Greek in Italy

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Violent language contact near Sicily

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Carrying on the theme of my last post: the final battle of the First Punic War took place near the Aegates (now Egadi) Islands west of Sicily in 241 BC. A Roman fleet caught a Carthaginian fleet sailing to Eryx (now Erice) by surprise and sank or captured many of the Carthaginian ships. Amazingly, in recent years eleven bronze rams have been found on the seabed from this area, of which most or all probably come from ships sunk during the engagement.
Seven of the rams bear Latin inscriptions, and one bears a Punic inscription, and they reveal quite different contents. A representative example in Latin reads L. QVINCTIO. C. F. QVAISTOR. PROBAVET ‘Lucius Quinctius, son of Gaius, Quaestor, approved (this ram)’. A quaestor is a Roman magistrate. While the language is a great example of mid-third century Latin, and there is much to interest the historian as well, it must be admitted that the actual message conveyed is on the dry side. Compare the Punic inscription, of which two translations of the visible part have so far been suggested: either ‘We pray to Baal that this ram will go into the enemy ship and make a big hole’ or ‘… Tanit, for in it are its officers. Blow, gales of Reshep! and build the surge under… ‘. The differences between the translations do not fill one with confidence, but both suggest a rather more direct relationship on the part of the Carthaginians between the function of a ram and its inscription.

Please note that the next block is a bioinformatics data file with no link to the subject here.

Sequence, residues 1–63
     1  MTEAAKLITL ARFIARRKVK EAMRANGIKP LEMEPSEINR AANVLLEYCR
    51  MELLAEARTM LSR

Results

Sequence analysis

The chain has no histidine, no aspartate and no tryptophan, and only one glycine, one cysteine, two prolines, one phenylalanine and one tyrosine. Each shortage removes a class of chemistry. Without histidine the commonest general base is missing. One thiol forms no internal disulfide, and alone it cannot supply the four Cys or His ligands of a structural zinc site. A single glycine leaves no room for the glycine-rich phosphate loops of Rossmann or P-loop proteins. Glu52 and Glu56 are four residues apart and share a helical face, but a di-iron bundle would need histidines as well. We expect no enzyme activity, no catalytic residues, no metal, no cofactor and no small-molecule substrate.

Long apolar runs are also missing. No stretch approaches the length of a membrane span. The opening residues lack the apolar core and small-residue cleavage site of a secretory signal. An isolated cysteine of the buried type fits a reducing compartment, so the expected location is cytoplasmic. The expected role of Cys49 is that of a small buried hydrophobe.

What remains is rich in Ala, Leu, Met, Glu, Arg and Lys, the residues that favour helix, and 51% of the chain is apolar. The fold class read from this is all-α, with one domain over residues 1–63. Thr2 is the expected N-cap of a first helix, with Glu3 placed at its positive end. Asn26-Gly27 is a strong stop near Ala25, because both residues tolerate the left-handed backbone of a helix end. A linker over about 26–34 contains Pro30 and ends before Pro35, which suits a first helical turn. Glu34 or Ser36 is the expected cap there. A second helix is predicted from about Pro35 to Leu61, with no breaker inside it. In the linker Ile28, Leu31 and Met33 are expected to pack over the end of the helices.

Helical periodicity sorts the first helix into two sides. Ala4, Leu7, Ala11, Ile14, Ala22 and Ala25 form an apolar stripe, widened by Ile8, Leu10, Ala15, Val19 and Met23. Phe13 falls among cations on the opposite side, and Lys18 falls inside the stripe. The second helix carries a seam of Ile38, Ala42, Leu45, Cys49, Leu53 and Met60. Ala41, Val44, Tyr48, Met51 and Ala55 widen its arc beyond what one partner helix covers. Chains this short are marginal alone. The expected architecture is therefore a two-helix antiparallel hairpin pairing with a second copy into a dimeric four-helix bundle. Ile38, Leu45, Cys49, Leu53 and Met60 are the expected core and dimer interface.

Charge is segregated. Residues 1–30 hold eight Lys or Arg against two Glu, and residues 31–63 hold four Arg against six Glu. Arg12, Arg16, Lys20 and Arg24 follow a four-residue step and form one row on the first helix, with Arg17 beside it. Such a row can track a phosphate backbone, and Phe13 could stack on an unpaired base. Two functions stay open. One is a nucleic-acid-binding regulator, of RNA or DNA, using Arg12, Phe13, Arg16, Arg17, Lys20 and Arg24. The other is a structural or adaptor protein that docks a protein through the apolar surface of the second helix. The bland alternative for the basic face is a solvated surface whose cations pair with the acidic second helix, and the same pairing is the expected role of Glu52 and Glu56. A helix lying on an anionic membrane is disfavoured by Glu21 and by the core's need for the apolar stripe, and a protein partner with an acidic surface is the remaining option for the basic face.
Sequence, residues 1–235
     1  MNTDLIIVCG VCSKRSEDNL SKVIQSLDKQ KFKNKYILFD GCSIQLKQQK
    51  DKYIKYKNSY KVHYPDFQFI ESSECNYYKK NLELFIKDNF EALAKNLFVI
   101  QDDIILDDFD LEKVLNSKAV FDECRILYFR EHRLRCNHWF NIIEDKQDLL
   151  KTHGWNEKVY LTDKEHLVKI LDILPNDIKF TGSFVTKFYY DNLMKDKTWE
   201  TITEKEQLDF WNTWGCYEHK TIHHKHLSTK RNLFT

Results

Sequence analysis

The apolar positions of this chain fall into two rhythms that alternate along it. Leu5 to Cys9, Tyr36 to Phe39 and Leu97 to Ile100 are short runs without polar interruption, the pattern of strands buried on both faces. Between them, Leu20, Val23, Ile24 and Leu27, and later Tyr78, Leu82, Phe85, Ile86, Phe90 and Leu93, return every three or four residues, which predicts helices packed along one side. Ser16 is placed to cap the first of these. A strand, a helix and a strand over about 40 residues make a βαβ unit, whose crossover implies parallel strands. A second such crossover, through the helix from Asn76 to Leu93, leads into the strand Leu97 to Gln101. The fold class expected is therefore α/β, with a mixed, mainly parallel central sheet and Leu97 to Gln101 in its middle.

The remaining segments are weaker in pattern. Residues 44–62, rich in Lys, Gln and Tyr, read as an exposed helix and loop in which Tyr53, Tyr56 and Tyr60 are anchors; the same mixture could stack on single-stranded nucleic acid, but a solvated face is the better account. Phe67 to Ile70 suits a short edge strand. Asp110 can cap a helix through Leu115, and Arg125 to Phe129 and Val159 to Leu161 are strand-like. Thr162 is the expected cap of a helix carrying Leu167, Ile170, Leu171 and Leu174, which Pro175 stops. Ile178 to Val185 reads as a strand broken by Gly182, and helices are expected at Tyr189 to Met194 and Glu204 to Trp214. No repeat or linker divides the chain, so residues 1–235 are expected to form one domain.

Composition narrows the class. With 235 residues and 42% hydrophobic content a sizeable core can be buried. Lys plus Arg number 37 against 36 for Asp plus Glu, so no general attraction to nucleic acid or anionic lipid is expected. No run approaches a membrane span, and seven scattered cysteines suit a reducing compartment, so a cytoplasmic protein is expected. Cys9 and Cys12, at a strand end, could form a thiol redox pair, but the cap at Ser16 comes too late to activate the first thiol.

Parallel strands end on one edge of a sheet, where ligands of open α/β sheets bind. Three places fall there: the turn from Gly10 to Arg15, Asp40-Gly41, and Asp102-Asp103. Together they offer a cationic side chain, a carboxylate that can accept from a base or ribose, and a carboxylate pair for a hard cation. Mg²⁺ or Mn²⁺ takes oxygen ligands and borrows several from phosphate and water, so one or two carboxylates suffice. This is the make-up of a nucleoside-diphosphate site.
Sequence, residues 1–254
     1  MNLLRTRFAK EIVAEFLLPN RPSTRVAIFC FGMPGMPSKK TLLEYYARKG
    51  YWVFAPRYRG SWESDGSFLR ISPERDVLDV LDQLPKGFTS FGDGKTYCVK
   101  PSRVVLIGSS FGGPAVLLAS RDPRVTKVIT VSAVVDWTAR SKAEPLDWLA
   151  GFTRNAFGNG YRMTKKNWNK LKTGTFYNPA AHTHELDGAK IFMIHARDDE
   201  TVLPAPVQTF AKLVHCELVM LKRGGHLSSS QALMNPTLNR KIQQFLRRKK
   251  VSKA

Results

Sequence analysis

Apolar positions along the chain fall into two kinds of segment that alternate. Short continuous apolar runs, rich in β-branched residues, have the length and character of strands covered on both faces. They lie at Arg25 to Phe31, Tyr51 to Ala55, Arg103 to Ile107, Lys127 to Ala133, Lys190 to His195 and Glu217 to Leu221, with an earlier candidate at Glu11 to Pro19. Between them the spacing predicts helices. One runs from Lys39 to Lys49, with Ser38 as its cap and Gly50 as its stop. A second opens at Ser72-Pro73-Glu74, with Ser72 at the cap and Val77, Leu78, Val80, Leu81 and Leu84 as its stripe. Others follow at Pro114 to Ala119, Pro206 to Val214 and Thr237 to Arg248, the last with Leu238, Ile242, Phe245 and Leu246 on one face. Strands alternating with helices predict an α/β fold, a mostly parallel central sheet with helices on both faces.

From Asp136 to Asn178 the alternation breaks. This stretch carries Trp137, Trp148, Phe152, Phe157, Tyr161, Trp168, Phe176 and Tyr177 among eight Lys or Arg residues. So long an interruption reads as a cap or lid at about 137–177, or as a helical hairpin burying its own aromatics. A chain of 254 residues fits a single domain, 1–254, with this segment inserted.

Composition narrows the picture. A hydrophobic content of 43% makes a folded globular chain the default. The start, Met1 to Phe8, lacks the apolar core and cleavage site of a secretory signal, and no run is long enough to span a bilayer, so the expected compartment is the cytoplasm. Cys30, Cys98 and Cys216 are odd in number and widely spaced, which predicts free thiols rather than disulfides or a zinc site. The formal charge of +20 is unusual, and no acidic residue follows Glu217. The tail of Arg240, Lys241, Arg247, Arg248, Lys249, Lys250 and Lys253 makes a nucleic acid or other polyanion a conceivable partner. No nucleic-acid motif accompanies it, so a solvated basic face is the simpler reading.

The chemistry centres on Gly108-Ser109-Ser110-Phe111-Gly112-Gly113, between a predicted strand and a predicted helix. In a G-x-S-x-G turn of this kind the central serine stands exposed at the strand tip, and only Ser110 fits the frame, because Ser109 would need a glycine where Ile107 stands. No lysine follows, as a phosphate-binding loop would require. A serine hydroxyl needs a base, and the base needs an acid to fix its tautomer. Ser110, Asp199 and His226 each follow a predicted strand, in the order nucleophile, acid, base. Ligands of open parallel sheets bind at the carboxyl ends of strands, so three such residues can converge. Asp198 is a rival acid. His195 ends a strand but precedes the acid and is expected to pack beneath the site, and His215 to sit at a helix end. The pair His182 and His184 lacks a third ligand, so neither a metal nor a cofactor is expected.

Since the battle was such a heavy victory for the Romans, it might seem surprising that it is primarily Roman rams (and hence Roman ships) that ended up on the sea floor. It’s been suggested that actually the Roman ships may have been manned by Carthaginians, who had captured them in an earlier battle.
If you’re interested, you can find out more about the rams in two recent articles, both in the Journal of Roman Archaeology: ‘The landscape of the naval battle at the Egadi Islands (241 B.C.)’ by Sebastiano Tusa and Jeffrey Royal in JRA 25 (2012), which is freely accessible here. And ‘Bronze rostra from the Egadi Islands off NW Sicily: the Latin inscriptions’ by Jonathan Prag in JRA 27 (2014), for which a subscription is necessary. You can see a picture of the Carthaginian ram on the Wikipedia page about the battle here: and a cool video about how they found the rams here.

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2 thoughts on “Violent language contact near Sicily

  1. Mary Beard’s Ultimate Rome on BBC2 tonight shows the very ram Nick discusses. A Cambridge conspiracy?

  2. Pingback: Sicily in Oxford and London | Greek in Italy

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